Blair calls for sweeping changes to comprehensives

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The Independent Online

Tony Blair demanded sweeping changes to Britain's comprehensive schools yesterday when he opened a new front in his battle with Old Labour to improve education.

Tony Blair demanded sweeping changes to Britain's comprehensive schools yesterday when he opened a new front in his battle with Old Labour to improve education.

The Government wanted to see rigorous "setting", in which pupils are streamed by subject; more "personalised provision" for high-flyers; more specialist schools; and "centres of excellence" in certain subjects, the Prime Minister said.

His promise to "modernise the comprehensives" would be a top priority if Labour won a second term, because it had focused on raising standards in primary schools since winning power in 1997, aides said.

Measures are expected in Labour's general election manifesto but are likely to be fiercely opposed by party traditionalists, who fear the shake-up would undermine the comprehensive principle.

Mr Blair told a conference organised by Progress, a Labour think-tank: "It means big change from the old comprehensive model. Too often, comprehensives adopted a 'one size fits all' mentality - no setting, uniform provision for all, hostility to the notion of specialisation and centres of excellence within areas of the curriculum."

Some comprehensives held back gifted pupils, he suggested, declaring that: "Modern comprehensives should be as dedicated as any private school to high achievement for the most able." Success at the top would lever up standards for all children, with all schools achieving at least five good GCSE passes for the great majority of their pupils, he insisted. "Comprehensive should cease meaning the same for all; and instead mean equal opportunity for all, to develop their intelligence to the full,"he added.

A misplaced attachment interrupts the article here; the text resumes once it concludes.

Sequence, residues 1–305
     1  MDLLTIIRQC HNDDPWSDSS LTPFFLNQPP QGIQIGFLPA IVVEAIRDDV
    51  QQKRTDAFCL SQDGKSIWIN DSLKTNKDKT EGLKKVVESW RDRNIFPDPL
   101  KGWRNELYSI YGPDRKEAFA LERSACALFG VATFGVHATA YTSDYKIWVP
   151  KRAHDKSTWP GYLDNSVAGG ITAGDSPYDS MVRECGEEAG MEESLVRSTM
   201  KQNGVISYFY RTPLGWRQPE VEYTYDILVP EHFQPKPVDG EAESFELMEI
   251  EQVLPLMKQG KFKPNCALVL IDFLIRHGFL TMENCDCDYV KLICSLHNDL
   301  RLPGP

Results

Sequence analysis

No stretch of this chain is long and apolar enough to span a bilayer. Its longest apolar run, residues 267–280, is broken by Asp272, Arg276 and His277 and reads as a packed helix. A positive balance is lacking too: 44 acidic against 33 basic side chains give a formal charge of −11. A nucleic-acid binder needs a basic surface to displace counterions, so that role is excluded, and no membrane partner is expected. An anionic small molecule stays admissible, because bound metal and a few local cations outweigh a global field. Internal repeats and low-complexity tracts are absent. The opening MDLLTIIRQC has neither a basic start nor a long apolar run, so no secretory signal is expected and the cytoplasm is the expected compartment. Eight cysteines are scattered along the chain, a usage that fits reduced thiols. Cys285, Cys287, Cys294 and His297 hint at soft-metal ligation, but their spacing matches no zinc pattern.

The "Old Left" was giving credence to Tory claims that a comprehensive system meant "dumbing down," he alleged, accusing the left of "hostility to high achievement" and refusing to recognise that children had different abilities and aptitudes.

"Equal worth does not mean uniform provision and similar outcomes," he said. "On the contrary, it means recognising and providing for the particular talents or needs of each individual. We need to demonstrate this more and more forcibly in our reform of secondary education."

Comprehensives should be "radically diverse" in their character and utterly committed to fulfilling the potential of all their pupils, Mr Blair said. "We want first-rate secondary for all, with the excellence and flexibility within every school to make the most of every pupil."

In his first comments on the draft manifesto launched by the Tories this week, Mr Blair attacked it as "the wackiest collection of half-baked, quarter-thought-out policy any political party has produced for a long time". Labour would have been "eviscerated" if it had produced such a document when in opposition, he said.

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